The PPE selection process becomes important as departments are nearing the end of the 2012 budget year and the beginning of a new budget cycle. Some departments may be looking to expend grant monies; others will have to contend with local resources.
For all departments, PPE selection will have to entail an element of long-term planning, the centerpiece of which should be a field test. If your department is in the market for new gear, particularly gear that meets the recently released 2013 edition, a properly conducted field test is a critical step to ensure that you find the PPE that best fits your needs.
The first step in designing an effective field test is to assess a department's needs. This is typically done by conducting a hazard and risk assessment, which can follow the guidelines provided in the appendix of NFPA 1851, Standard on Selection, Care and Maintenance of Structural and Proximity Fire Fighting Protective Ensembles, 2008 edition.
In addition, it is important to outline the department's bunker gear requirements, which should include the desired protective properties, features and configurations. Determining the department's needs as part of the hazard and risk assessment is usually conducted by the department's safety officer with input and recommendations from a PPE committee. The assessment should consider:
Type of duties performed: The firefighting and rescue tactics that a department performs and the day-to-day duties of the firefighters wearing the gear are critical factors.
Frequency of use: The average number of runs and the frequency of use in both training and non-training activities are important. Departments with a high volume of activity may choose an outer shell with high-abrasion or other durability characteristics that extends the life of the bunker gear.
Organization experiences: This can run the gambit from first-hand experience of gear previously worn to feedback on service and repair issues experienced by neighboring or mutual-aid departments.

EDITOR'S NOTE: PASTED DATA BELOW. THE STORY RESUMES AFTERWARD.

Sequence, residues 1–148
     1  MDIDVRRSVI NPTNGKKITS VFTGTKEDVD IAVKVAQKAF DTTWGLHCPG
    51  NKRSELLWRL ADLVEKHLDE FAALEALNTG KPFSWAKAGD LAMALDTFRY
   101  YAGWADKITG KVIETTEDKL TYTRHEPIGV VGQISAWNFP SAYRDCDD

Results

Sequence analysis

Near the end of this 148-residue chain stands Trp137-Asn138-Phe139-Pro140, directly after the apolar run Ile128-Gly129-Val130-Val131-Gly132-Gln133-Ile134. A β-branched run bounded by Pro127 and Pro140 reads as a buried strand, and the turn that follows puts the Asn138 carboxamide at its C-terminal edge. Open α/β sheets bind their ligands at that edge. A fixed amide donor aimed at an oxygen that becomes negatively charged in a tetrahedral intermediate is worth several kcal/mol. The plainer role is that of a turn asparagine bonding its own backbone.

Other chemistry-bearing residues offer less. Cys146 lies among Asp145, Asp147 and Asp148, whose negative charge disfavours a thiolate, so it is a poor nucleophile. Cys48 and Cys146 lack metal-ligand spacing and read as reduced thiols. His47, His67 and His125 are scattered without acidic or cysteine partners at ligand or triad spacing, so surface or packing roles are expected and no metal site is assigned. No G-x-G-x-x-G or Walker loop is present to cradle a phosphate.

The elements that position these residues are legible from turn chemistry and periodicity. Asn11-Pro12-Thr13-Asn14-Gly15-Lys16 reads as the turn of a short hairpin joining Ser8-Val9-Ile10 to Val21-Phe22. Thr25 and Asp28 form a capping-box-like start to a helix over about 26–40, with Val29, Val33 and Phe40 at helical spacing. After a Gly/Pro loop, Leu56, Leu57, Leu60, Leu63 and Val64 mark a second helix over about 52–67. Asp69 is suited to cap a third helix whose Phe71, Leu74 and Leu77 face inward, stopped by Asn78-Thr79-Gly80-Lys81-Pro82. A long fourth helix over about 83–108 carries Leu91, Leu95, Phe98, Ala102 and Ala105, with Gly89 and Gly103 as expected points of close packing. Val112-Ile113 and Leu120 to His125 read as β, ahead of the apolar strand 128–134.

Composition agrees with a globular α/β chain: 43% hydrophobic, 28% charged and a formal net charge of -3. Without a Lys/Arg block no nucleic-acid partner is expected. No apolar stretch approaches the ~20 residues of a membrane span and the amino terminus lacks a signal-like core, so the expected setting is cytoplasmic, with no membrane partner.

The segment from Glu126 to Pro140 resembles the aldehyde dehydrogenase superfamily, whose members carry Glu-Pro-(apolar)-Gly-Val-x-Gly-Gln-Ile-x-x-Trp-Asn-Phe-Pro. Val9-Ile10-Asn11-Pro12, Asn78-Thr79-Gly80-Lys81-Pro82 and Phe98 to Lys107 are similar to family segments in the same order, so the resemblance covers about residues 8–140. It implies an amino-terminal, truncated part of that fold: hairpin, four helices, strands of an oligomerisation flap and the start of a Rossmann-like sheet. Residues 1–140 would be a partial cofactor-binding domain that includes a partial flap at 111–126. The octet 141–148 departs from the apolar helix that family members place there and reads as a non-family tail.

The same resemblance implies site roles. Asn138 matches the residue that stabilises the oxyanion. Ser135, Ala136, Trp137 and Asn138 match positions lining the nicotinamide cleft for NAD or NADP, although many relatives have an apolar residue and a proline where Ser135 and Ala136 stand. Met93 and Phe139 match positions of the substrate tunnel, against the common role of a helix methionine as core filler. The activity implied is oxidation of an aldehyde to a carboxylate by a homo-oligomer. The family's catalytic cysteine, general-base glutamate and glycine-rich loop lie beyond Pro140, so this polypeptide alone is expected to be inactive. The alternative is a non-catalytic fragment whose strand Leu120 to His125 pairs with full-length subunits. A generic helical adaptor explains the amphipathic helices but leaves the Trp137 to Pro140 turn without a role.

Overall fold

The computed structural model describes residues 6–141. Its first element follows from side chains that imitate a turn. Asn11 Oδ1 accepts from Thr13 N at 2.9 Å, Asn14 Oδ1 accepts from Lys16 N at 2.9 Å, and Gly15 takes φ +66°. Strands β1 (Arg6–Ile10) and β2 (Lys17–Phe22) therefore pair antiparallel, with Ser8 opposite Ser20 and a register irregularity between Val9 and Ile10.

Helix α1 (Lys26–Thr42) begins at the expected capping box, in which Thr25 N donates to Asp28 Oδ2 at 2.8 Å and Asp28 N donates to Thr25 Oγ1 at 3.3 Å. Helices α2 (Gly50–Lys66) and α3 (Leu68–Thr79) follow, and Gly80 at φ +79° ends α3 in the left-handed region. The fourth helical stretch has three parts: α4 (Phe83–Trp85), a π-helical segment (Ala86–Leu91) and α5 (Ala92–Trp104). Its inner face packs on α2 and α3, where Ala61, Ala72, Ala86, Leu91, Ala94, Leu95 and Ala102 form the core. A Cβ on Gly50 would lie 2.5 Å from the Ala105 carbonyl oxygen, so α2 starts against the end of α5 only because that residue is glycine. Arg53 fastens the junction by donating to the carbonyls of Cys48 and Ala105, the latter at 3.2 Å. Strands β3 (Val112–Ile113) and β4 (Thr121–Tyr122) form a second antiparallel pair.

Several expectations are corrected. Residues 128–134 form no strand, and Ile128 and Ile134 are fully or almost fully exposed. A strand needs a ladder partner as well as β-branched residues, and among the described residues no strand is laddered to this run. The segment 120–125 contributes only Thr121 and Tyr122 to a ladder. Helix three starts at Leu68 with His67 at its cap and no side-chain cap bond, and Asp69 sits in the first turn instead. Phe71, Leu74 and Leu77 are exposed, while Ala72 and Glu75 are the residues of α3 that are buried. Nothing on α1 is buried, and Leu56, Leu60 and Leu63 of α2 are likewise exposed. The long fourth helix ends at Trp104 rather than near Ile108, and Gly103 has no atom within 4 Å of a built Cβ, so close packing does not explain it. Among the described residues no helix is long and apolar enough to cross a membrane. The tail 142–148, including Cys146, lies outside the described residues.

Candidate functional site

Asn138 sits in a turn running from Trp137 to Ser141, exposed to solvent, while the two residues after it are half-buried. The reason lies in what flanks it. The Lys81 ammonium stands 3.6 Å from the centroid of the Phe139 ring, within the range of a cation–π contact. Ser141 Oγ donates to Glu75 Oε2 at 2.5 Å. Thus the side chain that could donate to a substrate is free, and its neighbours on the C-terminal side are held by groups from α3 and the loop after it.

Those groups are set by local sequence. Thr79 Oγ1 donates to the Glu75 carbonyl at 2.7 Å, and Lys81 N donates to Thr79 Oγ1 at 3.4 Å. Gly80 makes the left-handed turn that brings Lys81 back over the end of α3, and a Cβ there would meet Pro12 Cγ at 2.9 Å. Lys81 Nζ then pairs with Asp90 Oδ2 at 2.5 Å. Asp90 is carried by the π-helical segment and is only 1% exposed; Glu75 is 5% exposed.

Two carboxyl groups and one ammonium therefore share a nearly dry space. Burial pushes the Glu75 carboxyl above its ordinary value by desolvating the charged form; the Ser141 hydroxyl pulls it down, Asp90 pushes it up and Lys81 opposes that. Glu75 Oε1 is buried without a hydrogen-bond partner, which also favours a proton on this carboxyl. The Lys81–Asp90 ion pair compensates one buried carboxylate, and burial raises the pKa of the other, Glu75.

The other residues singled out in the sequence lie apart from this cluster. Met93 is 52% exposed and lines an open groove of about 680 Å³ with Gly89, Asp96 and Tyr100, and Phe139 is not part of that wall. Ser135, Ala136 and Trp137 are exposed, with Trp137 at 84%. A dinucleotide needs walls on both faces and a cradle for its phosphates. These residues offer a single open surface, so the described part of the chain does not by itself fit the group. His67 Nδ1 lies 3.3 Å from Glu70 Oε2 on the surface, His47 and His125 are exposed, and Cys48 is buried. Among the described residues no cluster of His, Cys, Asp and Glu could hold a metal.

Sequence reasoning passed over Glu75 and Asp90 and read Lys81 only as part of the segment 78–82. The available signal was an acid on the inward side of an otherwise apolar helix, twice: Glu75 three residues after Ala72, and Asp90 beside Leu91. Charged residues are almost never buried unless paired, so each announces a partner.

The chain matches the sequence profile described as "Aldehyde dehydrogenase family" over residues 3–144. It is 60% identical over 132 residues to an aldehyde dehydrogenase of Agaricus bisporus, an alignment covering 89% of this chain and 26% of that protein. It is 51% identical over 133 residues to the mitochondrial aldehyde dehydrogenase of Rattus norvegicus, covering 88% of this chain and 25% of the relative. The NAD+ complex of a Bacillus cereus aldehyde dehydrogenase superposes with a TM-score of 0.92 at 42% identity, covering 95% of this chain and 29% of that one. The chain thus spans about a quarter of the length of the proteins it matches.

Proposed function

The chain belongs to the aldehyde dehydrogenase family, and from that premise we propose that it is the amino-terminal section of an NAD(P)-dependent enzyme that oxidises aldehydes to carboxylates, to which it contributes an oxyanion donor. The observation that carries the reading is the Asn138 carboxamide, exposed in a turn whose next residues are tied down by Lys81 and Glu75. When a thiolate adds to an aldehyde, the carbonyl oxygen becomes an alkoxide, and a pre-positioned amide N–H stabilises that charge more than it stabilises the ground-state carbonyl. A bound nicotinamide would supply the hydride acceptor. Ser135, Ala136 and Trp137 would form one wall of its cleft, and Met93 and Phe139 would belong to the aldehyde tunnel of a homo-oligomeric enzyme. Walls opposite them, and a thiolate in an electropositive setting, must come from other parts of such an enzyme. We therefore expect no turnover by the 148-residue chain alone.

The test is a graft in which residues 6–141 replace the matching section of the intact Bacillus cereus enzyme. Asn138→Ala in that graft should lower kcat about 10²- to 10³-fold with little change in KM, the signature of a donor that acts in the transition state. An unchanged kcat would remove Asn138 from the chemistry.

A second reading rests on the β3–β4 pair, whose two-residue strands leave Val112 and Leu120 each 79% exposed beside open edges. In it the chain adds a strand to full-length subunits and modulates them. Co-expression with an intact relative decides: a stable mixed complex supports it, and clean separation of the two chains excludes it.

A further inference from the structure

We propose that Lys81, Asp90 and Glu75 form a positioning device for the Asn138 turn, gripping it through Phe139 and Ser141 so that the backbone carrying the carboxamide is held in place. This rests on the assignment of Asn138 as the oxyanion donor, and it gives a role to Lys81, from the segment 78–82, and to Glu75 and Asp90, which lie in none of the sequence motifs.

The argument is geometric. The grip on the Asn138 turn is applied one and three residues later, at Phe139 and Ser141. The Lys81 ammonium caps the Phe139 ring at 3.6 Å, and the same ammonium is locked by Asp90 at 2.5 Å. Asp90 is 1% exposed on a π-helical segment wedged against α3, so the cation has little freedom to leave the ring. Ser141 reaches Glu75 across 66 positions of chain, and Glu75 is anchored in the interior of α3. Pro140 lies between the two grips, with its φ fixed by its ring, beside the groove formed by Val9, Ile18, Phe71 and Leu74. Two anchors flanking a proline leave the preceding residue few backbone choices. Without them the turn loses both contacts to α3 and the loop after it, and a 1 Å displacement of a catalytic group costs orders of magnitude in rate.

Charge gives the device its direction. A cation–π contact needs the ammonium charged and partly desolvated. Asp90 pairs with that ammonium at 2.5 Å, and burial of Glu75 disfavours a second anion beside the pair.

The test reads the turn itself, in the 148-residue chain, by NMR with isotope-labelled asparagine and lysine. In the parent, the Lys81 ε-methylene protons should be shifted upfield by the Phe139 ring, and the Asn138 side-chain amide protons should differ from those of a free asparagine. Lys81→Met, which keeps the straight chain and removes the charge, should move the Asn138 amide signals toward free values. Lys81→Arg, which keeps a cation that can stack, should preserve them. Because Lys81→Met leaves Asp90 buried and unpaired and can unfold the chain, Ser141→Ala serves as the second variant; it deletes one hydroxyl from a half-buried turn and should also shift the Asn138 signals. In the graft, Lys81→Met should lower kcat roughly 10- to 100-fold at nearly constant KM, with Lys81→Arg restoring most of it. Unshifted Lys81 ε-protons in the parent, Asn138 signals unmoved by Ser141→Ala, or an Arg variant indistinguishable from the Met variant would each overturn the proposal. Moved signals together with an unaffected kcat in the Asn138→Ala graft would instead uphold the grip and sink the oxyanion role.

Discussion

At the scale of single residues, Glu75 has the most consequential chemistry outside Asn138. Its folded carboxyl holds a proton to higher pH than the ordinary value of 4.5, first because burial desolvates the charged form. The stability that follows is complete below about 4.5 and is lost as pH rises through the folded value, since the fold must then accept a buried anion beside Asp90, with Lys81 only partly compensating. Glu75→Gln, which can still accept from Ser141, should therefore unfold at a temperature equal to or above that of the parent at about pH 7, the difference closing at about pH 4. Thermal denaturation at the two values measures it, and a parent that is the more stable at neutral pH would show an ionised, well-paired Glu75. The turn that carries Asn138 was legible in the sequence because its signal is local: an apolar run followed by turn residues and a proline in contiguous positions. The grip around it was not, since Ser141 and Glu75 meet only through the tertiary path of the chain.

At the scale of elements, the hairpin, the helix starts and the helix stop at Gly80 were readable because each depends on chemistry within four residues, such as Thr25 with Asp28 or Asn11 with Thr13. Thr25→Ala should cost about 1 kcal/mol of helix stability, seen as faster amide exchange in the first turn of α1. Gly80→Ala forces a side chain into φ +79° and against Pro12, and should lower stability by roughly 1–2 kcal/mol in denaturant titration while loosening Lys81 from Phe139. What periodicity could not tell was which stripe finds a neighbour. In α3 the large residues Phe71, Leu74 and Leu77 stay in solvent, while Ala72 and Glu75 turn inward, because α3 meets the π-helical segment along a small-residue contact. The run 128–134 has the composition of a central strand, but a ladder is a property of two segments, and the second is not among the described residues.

Incident operations: Consider the types of calls a department runs and if it will be used for extrication and EMS calls, or if those will require separate gear.
Location and climate: Gear designed for departments in North Dakota will have different requirements than gear designed for departments in Southern California. The weight of the gear, thermal protection and breathability must be considered.
PPE manufacturers can provide information to help develop specifications and to educate firefighters on new features, designs and composites. Most PPE manufacturers are now versed in the new NFPA 1971, 2013 edition, which is another requirement that a department must consider.
Factors for rating bunker gear during field testing
Specific rating areas for overall clothing
Degree of fit
Feeling of bulkiness and weight
Ease of movement – walking
Ease of movement – duck walking or crawling
Exposure of body areas to fireground environment
Ease of interface with other equipment – helmet, gloves, footwear, hood, SCBA
Ease of donning and doffing
General thermal comfort (breathability)
Specific ratings areas for parts of clothing
Effectiveness of coat sleeve – glove interface
Effectiveness of pant – footwear interface
Ability to reach with arms
Ability to bend at legs and waist
Ease of coat front closure operation
Pocket placement and utility
Comfort of extended collar with helmet, hood, and SCBA facepiece
Comfort of knee reinforcements
What features or characteristics of the bunker gear did you like?
What features or characteristics of the bunker gear did you not like?
That standard is for minimum requirements for structural PPE. Fire departments should always look for products that exceed the requirements for the utmost protection.
Ensure that the requirements represent a complete and detailed description of what the department is looking for prior to commencing the field test. This will allow you to clearly define and communicate the departmental needs and help you determine which PPE manufacturer is doing the best job in meeting those needs.
Field test design and parameters
There are several different ways to structure a field test. Some departments prefer to put field test gear on a busy company and let them test the gear in their normal day-to-day activities.